margaret brown : It didn’t always used to be that way. - debbiebissett.com

It didn’t always used to be that way.  Back in the Old West, manners ruled.  A cowboy might have been rough around the edges and whooped-it-up on occasion, but he also minded his Ps and Qs.  To show you what I mean, let’s compare today’s manners with those of the past.

Upon being rescued by the ship RMS Carpathia, Brown proceeded to organize a survivors' committee with other first-class survivors. The committee worked to secure basic necessities for the second and third class survivors and even provided informal counseling.[10]

Is it just me or have good manners gone the way of trail drives?   I have three grandchildren working summer jobs and I’m appalled at the stories they tell about customer rudeness.  

The Cowboy Way: The first man coming to a gate was expected to open it for the others. Everyone passing through would say thank you.  Holding a door open for a lady went without saying, as did tipping his hat and saying a polite, “Howdy, ma’am.” A cowboy might have gotten a smile from the lady, but he sure wouldn’t have gotten a tongue-lashing.

The Cowboy Way: A cowboy would never think of cutting between another rider and the herd.  Nor would he ride in such a way as to interfere with another man’s vision. Crossing in front of another without a polite, “Excuse me” would not have been tolerated.  As for riding drunk; that would have gotten a wrangler fired on the spot.

Margaret Tobin was born in a hospital near the Mississippi River in Hannibal, Missouri, on what is now known as Denkler's alley.[3] Her parents were Irish Catholic immigrants John Tobin (1821–1899) and Johanna (Collins) Tobin (1825–1905). Her siblings were Daniel Tobin (born 1863), Michael Tobin (born 1866), William Tobin (born 1869), and Helen Tobin (born 1871). Both of Margaret's parents had been widowed as young adults. Brown had two half-sisters: Sophie Bridget Tobin (born 1856), by her father's first marriage, and Mary Ann Collins (born 1857), by her mother's first marriage. At age 18, Margaret relocated to Leadville, Colorado, with her siblings Daniel Tobin, Mary Ann Collins Landrigan, and Mary Ann's husband John Landrigan. Margaret and her brother Daniel shared a two-room log cabin, and she found a job in a department store.[4]

Доступ к информационному ресурсу ограничен на основании Федерального закона от 27 июля 2006 г. N 149-ФЗ "Об информации, информационных технологиях и о защите информации"

Please and Thank You:  Recently I saw a young man hold a restaurant door open for a young woman.  Instead of saying thank you, she chewed him out. Oh, me, oh, my. What is the world coming to?

Margaret and J.J. were married in Leadville's Annunciation Church on September 1, 1886.[4] They had two children: Lawrence Palmer Brown (1887–1949), known as Larry, and Catherine Ellen Brown (1889–1969), known as Helen.[citation needed]

During the last years of her life, she was an actress. Margaret Brown died in her sleep at 10:55 p.m. on October 26, 1932, at the Barbizon Hotel in New York City, New York. Subsequent autopsy revealed a brain tumor. Her body was buried along with J.J. in the Cemetery of the Holy Rood in Westbury, New York,[11] following a small ceremony on October 31, 1932, attended only by close friends and family. There was no eulogy.[2]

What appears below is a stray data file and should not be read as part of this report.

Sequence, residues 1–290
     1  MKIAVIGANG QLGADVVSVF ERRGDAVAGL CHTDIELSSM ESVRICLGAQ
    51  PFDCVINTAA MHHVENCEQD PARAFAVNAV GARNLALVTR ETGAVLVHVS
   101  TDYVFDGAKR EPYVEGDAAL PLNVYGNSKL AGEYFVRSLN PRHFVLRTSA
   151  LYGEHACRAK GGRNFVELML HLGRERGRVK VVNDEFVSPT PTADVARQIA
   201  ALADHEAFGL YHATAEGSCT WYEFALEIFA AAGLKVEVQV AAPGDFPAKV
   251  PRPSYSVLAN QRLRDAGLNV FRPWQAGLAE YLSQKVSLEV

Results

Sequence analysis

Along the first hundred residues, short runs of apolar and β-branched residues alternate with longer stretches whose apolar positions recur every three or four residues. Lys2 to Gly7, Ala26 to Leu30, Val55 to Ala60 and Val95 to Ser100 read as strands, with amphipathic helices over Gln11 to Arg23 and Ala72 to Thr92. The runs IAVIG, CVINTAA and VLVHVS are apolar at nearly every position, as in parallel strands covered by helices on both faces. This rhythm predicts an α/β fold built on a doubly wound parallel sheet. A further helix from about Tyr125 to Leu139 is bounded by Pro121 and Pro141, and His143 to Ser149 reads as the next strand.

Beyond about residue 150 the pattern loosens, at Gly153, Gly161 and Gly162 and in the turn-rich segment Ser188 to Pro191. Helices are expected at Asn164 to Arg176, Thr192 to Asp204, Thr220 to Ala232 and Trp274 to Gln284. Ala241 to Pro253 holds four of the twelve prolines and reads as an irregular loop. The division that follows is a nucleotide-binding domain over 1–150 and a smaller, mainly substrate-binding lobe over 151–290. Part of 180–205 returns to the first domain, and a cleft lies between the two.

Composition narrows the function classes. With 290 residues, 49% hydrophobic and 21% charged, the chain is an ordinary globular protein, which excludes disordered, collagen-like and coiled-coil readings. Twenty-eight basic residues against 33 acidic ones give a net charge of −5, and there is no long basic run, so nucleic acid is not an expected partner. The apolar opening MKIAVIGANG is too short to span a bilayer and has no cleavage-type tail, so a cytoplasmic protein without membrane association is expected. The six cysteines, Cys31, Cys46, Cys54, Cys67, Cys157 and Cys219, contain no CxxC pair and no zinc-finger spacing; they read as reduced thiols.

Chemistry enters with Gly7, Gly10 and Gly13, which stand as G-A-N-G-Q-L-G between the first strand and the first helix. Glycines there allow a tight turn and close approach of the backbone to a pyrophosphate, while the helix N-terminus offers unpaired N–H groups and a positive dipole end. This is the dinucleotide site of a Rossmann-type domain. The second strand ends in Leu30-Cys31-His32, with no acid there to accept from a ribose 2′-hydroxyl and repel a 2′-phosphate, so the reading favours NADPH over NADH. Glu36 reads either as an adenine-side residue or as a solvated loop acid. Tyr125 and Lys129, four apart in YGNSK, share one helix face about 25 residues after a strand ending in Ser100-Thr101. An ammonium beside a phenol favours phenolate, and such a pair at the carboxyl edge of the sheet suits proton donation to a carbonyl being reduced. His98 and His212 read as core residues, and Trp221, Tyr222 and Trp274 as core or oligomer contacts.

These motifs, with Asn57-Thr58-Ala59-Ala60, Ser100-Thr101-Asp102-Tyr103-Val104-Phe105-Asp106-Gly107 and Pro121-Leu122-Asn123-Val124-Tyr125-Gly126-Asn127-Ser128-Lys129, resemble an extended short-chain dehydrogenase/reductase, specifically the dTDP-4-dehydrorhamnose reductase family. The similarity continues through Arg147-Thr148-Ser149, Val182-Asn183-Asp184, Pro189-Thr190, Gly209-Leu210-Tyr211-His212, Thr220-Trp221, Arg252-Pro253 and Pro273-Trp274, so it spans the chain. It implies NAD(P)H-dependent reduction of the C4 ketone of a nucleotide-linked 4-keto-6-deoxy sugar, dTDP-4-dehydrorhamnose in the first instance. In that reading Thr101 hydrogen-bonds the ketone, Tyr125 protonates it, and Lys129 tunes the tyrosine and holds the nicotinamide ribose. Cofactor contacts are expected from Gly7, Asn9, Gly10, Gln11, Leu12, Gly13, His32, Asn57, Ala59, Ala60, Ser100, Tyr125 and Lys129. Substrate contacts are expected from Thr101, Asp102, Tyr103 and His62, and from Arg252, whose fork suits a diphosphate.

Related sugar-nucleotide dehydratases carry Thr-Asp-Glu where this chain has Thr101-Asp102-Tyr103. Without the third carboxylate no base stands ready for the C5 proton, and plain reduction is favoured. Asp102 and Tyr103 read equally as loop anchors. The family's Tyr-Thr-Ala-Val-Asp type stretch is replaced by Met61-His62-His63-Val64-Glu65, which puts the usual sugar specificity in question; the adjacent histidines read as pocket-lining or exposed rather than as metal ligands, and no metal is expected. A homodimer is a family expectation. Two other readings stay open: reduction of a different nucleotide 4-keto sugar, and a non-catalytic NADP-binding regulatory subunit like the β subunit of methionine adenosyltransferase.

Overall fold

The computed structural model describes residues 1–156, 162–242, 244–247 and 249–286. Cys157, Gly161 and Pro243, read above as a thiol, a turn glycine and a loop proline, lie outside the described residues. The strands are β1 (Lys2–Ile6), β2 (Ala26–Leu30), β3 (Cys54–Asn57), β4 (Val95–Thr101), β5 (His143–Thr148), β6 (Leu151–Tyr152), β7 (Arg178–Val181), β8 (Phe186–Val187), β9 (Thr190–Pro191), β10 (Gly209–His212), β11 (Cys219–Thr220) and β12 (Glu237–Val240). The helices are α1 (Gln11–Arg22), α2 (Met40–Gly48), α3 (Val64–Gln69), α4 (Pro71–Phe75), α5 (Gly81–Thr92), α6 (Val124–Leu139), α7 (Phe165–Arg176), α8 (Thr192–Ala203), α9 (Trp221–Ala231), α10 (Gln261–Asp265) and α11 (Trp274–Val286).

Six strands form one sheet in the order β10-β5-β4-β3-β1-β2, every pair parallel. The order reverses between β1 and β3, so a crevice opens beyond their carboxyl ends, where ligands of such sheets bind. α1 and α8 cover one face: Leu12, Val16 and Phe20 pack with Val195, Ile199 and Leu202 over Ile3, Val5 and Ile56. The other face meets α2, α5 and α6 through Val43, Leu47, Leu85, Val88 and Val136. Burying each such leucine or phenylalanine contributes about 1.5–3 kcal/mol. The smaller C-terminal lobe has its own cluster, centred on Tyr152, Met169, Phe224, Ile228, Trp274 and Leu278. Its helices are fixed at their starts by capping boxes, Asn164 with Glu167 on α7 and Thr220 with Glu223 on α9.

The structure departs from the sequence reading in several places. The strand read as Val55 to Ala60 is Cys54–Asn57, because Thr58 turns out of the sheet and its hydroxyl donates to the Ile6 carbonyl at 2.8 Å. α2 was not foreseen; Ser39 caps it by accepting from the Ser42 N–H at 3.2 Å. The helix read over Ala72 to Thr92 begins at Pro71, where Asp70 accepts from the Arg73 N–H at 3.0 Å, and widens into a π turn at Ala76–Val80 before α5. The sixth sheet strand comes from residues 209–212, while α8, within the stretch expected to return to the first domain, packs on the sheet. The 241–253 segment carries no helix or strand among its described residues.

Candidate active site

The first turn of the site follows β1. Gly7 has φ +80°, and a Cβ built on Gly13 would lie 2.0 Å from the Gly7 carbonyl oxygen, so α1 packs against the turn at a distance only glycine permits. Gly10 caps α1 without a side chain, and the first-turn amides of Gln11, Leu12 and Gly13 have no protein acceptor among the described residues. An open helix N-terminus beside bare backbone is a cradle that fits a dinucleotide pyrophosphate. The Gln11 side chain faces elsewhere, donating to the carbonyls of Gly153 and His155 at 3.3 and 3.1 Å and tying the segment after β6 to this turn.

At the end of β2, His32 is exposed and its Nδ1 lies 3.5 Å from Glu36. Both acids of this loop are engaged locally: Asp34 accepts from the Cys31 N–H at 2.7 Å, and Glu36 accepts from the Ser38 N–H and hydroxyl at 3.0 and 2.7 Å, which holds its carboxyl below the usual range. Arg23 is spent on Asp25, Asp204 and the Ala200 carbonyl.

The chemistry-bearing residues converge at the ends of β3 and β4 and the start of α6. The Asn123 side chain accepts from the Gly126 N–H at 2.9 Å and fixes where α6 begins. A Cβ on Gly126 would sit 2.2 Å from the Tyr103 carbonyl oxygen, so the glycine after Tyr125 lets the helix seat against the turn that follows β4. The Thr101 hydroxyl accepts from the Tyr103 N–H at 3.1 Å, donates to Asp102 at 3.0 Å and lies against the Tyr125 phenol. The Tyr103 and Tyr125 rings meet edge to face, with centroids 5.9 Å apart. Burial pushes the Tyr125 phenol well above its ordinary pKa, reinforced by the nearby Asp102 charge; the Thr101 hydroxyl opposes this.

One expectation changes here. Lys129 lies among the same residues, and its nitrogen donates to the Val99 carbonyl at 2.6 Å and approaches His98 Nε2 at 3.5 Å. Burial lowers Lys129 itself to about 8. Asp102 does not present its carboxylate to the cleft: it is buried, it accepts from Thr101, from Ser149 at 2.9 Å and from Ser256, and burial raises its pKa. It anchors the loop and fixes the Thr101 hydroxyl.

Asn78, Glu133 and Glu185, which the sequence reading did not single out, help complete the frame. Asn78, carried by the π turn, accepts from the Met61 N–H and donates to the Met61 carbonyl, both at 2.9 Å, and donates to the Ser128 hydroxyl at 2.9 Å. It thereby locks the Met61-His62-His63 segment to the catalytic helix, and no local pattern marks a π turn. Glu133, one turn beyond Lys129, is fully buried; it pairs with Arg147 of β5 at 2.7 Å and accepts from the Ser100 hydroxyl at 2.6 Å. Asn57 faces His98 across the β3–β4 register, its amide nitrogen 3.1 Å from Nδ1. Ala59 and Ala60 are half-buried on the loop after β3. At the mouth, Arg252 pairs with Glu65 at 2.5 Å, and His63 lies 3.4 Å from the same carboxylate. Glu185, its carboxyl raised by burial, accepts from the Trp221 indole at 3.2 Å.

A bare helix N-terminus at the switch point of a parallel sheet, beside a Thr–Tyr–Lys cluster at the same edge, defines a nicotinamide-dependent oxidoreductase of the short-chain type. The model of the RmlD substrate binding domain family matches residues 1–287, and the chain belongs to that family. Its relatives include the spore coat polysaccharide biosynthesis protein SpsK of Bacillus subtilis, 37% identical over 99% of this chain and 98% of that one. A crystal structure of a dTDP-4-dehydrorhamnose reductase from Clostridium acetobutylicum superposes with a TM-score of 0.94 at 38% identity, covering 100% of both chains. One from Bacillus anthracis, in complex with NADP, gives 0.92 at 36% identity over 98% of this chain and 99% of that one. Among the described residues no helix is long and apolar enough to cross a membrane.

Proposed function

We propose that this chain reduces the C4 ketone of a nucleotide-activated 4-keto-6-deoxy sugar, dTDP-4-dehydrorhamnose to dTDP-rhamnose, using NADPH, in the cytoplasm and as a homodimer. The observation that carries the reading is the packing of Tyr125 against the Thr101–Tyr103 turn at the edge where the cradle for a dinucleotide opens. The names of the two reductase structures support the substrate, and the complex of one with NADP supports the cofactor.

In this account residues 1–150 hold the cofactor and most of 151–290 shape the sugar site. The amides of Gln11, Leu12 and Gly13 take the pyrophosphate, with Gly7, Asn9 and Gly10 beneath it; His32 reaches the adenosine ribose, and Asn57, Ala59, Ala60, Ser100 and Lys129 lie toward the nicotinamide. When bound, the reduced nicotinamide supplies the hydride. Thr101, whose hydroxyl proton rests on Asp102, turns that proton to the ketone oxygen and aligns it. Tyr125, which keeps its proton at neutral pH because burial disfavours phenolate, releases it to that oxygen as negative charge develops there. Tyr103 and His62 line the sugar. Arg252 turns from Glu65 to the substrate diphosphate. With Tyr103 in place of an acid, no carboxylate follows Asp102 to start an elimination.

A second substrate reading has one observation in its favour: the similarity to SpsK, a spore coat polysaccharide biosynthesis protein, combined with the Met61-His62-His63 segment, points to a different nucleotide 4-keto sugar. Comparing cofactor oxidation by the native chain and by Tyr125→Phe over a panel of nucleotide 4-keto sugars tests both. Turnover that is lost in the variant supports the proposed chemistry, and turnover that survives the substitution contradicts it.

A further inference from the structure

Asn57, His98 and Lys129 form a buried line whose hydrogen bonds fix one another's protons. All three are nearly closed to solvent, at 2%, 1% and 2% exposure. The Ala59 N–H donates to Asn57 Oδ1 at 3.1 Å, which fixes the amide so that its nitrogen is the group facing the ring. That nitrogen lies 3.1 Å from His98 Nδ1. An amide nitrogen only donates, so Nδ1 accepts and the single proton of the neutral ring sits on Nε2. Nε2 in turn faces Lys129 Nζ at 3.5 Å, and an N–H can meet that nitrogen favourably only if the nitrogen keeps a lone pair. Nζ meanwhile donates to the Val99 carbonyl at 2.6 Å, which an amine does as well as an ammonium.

The Texas Rangers have a long and checkered history.  In 1823 by Stephan F. Austin hired ten men to protect the frontier, but the Rangers weren’t formerly constituted until 1835. The Texas Rangers are the oldest law enforcement agency in the United States and have gone through many transformations through the years.

I wanted a rich man, but I loved Jim Brown. I thought about how I wanted comfort for my father and how I had determined to stay single until a man presented himself who could give to the tired old man the things I longed for him. Jim was as poor as we were, and had no better chance in life. I struggled hard with myself in those days. I loved Jim, but he was poor. Finally, I decided that I'd be better off with a poor man whom I loved than with a wealthy one whose money had attracted me. So I married Jim Brown.

Cell Phones: I could probably rattle on about poor cell phone manners, but for me, loud talking is the worst offense.  During a recent visit to the emergency room, I was privy to everyone’s medical condition and more.  The Cowboy Way: Those early cowboys didn’t have cell phones, of course, which is probably a good thing; A ringing phone would have startled the cattle and maybe even the horses.  John Wayne wasn’t talking about cell phones when he said, “Talk low, talk slow, and don’t say too much,” but that’s not bad advice.  Especially in ER.

Driving:  Navigating some of today’s roads is like steering through a metal stampede. It’s every man/woman for his/her self.  Cars ride on your tail and cut you off. To stay on the defense, today’s drivers must contend with drunkenness, speeding and texting—and that’s not all.  If thinking about this doesn’t make you long for the good ole days, I don’t know what will.  

In 1894, the Browns bought a $30,000 Victorian mansion in Denver, Colorado, and in 1897, they built a summer house, Avoca Lodge in Southwest Denver near Bear Creek, which gave the family more social opportunities. Margaret became a charter member of the Denver Woman's Club,[5] whose mission was the improvement of women's lives by continuing education and philanthropy. Adjusting to the trappings of a society lady, Brown became well-immersed in the arts and fluent in French, German, Italian, and Russian. Brown co-founded a branch in Denver of the Alliance Française to promote her love of French culture.[6][7] Brown gave parties that were attended by Denver socialites, but she was unable to gain entry into the most elite group, Sacred 36, who attended exclusive bridge parties and dinners held by Louise Sneed Hill.[8] Brown called her "the snobbiest woman in Denver".[9]